Tell us what the light is for, and who it's aimed at. What do the manufacturers say about it? How does that compare to your own feelings about it?
It's a solid, no-frills, mid-budget option, good for commutes and rides on semi-lit roads, though not really one for pitch black roads.
Tell us some more about the technical aspects of the light?
1 x CREE T6 LED 500 Lumen max output light
USB Rechargeable 18650 (3.7v 2400mah Li-ion battery)
Battery level test mode
Low battery indicator
Micro USB cable, handlebar bracket and rubber strap included
MODES & RUN TIME: High Constant: 1.5hrs, Medium Constant: 3hrs, Low Constant: 6hrs, Flash: 12hrs
The light unit itself is solid enough. The mount looks a bit cheap and plasticky but it does the job.
Functionality is quite basic but it does it well.
The light clips into the mount very securely, and the rubber strap secures the whole assembly to the handlebar well. Even on a relatively fast run over some of Oxfordshire's Paris-Roubaixesque lanes the light held firm.
The light has a waterproof casing, and survived a group ride where the inevitable road spray from the rider in front coated me, the bike and the light. I also gave the light a few passing glances under the shower head and it's doing fine.
Battery life varies from 90 minutes on full-gas to 12 hours on flash; for all but the darkest of nights, the medium brightness mode is more than enough and that delivers 3 hours.
An indicator shows when the light is down to 20%, and there's a test mode to see what percentage the light is at for levels above that.
A full recharge via Micro-USB cable from dead took around 90 minutes.
The light works well overall. The highest setting is just about bright enough for a very dark night, though I'd say more emergency than regular use in such situations, while the low level setting is still very bright for dull days. The flash mode is great for attracting attention in daylight.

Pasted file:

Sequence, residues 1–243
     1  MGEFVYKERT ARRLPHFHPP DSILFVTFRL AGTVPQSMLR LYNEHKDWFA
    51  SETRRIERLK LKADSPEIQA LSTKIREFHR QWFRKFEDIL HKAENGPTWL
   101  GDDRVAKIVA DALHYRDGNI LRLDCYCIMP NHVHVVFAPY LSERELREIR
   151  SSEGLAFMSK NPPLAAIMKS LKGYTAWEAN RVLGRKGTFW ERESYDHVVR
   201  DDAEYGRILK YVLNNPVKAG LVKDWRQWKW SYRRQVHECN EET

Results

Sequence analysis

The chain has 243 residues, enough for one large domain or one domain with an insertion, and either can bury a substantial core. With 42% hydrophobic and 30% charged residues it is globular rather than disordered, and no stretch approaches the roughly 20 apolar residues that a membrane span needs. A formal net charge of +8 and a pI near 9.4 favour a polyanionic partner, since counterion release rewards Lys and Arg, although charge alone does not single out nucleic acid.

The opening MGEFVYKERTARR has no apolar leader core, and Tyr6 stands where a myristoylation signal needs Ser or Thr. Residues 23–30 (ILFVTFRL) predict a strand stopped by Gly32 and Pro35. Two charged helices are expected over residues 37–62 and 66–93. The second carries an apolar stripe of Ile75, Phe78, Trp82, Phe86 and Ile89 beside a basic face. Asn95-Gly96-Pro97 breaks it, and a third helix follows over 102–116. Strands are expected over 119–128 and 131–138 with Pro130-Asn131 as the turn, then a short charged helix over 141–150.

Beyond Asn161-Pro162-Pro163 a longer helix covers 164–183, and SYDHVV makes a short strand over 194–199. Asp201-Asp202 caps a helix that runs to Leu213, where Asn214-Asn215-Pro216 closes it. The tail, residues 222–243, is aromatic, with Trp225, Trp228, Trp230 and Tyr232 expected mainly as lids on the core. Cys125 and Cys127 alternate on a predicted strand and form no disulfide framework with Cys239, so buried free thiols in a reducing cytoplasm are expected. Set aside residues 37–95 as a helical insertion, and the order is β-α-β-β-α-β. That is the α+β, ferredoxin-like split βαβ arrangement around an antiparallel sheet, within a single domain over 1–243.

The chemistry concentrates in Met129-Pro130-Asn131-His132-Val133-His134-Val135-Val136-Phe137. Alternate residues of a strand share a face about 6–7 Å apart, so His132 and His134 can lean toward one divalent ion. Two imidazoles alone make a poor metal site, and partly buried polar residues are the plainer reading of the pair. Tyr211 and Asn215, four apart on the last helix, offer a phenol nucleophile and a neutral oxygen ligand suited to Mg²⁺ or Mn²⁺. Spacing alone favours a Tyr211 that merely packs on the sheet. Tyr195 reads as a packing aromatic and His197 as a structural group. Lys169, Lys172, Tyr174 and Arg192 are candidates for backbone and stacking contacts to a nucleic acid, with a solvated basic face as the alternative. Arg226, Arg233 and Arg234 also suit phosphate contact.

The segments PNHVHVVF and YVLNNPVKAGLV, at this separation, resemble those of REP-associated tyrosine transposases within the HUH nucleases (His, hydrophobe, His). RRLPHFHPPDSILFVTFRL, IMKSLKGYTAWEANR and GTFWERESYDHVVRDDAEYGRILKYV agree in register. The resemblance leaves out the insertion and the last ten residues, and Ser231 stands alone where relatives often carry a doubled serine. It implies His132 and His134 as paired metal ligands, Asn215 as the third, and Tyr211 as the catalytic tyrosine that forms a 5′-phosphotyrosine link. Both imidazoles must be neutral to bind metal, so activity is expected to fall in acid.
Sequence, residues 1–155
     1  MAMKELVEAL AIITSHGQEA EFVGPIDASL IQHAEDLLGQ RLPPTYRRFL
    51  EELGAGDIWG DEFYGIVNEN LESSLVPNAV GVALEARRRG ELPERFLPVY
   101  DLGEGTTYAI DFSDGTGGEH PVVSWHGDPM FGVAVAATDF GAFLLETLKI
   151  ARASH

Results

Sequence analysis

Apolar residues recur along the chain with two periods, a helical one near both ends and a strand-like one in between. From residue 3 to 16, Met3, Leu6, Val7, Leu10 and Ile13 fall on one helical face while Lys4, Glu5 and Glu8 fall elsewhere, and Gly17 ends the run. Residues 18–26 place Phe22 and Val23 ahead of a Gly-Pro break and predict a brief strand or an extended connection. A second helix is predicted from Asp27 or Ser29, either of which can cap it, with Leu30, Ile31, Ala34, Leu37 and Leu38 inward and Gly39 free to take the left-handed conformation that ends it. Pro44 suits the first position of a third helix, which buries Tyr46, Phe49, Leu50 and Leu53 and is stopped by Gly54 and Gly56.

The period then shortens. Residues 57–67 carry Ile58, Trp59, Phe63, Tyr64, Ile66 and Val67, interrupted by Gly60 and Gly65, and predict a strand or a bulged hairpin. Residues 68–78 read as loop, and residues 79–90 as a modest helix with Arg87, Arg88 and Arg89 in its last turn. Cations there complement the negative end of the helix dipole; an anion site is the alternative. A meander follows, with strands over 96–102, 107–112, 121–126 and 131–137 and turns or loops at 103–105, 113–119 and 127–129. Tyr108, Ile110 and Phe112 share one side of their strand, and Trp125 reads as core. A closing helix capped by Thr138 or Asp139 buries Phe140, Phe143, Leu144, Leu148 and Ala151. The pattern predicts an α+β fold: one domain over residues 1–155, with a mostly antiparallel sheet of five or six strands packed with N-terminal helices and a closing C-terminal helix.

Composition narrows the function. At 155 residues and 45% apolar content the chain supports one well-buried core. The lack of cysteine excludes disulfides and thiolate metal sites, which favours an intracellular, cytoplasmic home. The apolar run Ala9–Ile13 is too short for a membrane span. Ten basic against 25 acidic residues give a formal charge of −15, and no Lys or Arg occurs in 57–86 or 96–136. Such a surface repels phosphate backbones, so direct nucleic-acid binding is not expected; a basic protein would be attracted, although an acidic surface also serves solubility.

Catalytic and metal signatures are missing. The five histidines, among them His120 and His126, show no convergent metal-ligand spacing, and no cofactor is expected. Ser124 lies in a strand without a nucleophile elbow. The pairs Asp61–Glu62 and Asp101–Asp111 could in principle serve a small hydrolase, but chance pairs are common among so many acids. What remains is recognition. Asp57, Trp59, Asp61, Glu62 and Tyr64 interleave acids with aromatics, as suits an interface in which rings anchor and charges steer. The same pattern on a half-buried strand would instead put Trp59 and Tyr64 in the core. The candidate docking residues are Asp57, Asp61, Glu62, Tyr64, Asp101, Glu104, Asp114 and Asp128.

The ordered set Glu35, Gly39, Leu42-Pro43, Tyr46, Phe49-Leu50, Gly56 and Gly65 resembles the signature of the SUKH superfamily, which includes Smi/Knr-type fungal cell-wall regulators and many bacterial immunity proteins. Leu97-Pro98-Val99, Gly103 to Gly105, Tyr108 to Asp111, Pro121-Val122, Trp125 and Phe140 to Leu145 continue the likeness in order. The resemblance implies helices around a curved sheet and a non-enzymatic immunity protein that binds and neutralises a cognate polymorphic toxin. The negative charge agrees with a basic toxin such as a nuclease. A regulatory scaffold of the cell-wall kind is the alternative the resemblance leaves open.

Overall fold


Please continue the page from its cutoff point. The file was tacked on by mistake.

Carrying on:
It's survived a few weeks' use no problem, and has taken a spray under the shower with no ill-effects.
Pretty good value, being slightly brighter than some similarly priced options, and cheaper than more high-end yet less bright lights.
Tell us how the light performed overall when used for its designed purpose
Very well. The settings are appropriate for a light that's not marketed as a floodlight, and recharging is reasonably fast. The mount is secure enough for rough road riding.
Tell us what you particularly liked about the light
The value and simplicity. Some lights seem slightly over-engineered.
Tell us what you particularly disliked about the light
How does the price compare to that of similar products in the market, including ones recently tested on road.cc?
It's the same price as Moon's Meteor X Pro and Lezyne's Micro Drive 500XL, £5 cheaper than the Kryptonite Street F-500, £10 cheaper than the Cateye Volt 500 XC, and significantly cheaper than the 450-lumen Knog PWR Rider at £57.99.
Did you enjoy using the light? Yes
Would you consider buying the light? Yes
Would you recommend the light to a friend? Yes
Use this box to explain your overall score
It's a decent, solid light that works very well and is decent value.
About the tester
I usually ride: Giant TCR / Cannondale Supersix My best bike is: Giant TCR
I've been riding for: 5-10 years I ride: Every day I would class myself as: Expert
I regularly do the following types of riding: road racing, club rides, sportives, general fitness riding